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Women Warriors in Stalingrad

Photo inscribed on the back with the words “Bandage on the move”—Lieutenant-Colonel V. I. Chuikov stands with a battlefield nurse receiving a dressing change in Stalingrad. Chuikov suffered from a painful, burning weeping eczema on his hands brought on by the stresses of constant heavy combat which required regular dressing changes. This photo is from a family archive of General Semyon Tsvigun—the entire photo collection is located here.

Women filled numerous roles in the Great Patriotic War, and their contributions to the defense of the Motherland did not go unnoticed. Like their counterparts in the US and other Allied nations, Soviet women worked tirelessly in factories manufacturing weapons, vehicles, and aircraft, and provided support in other ways as well behind the battle lines and at the front. True to his nature in fully acknowledging the warriors of the 62nd (later 8th Guards) Army, Vasily Ivanovich was quick to credit the women soldiers of the Red Army for their tenacity, courage, abilities, effort, and indispensability. Even battlefield nurses knew how to use their weapons and were well-prepared to fight. In his book titled The Battle for Stalingrad, Marshal Chuikov recounts the actions of the brave women who unflinchingly served alongside the men of the Red Army all the way to Berlin:

“The deliberate mass entry of women, particularly girls, into active service in the army was not always clearly understood by everyone. There are some who probably still do not understand that they did so as equal builders of socialism and equal defenders of the interests of the workers. This is why, in the war against the Nazi invaders, we saw our Soviet women acting as orderlies, carrying tens and hundreds of wounded from the firing line; as doctors, carrying out operations under air and artillery attack; or as telephonists and radio operators, handling operational conversations and administration in battle. We saw them working at headquarters and in political organizations, where they did army administration work and educated the troops in a spirit of military tenacity. Anyone who visited the front would see women acting as gunners in anti-artillery units, as pilots of aeroplanes doing battle with the German air aces, as captains of armoured boats, in the Volga fleet, for example, carrying cargoes from the left bank to the right and back again in unbelievably difficult conditions. It is no exaggeration to say that women fought alongside men everywhere in the war.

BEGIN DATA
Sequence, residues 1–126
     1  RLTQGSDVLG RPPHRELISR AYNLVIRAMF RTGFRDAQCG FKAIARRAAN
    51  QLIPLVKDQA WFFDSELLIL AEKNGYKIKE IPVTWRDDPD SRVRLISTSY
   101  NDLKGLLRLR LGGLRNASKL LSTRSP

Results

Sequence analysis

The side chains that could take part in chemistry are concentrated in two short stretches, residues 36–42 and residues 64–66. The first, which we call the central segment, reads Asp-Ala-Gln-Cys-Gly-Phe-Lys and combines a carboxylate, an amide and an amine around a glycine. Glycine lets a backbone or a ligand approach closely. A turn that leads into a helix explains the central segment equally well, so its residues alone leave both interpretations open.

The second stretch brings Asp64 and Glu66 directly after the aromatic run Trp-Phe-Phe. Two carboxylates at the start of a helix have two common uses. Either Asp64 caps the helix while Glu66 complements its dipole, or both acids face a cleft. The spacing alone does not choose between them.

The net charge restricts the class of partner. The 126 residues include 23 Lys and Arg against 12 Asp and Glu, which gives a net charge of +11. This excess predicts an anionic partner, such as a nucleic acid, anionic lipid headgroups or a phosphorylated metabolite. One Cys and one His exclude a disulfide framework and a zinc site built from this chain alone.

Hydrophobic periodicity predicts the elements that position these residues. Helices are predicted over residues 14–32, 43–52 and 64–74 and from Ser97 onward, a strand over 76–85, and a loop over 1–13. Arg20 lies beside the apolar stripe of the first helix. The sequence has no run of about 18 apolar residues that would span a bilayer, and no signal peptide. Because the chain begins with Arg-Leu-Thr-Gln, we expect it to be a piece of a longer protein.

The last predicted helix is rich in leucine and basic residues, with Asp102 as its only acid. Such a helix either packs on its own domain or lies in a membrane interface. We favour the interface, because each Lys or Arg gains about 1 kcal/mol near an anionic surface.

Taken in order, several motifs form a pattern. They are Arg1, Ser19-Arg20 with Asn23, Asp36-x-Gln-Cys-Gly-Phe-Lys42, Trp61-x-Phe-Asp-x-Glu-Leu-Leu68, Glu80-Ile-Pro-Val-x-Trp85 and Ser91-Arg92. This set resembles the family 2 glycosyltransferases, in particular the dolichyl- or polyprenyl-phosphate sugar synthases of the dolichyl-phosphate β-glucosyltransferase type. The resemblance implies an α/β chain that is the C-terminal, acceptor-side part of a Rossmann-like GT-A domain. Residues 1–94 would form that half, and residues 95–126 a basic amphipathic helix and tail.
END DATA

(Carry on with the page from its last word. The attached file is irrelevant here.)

It must also be remembered that in the second half of 1942, when our armies had retreated to a line running through Leningrad, Mozhaysk, Voronezh, Stalingrad and Mozdok, leaving densely populated areas of the country in enemy hands, new recruits were needed. Women volunteered for the army en masse, and this made it possible for us to bring our units and establishments back up to full efficiency. We had whole units (such as anti-aircraft batteries and night-flying PO-2 bomber regiments) in which the majority of gun-teams and crews were women. And it must be said that these units did their jobs as well as the units in which men predominated. We can take two types of work involved in defense operations—anti-aircraft defense and signals—as examples.

The majority of gun crews in the Stalingrad anti-aircraft defense corps, in both anti-aircraft batteries and on searchlights, consisted of women. But the efficiency of these crews and batteries was not the slightest inferior to the anti-aircraft units we saw on the Don and in other parts of the front, where the majority of the crews were men. In terms of tenacity and self-sacrifice, in the battle with the German dive-bombers, the women anti-aircraft gun crews on the banks of the Volga were models of courage. They would stick to their guns and go on firing when bombs were exploding all round them, when it seemed impossible not merely to fire accurately, but even to stay with the guns. In the fire and smoke, amid bursting bombs, seemingly unaware of the columns of earth exploding into the air all about them, they stood their ground to the last. The Luftwaffe’s raids on the city, therefore, in spite of heavy losses among the anti-aircraft personnel, were always met by concentrated fire, which as a rule took a heavy toll among the attacking aircraft. Our women anti-aircraft gunners shot down dozens of enemy planes over the blazing city” (239-241).


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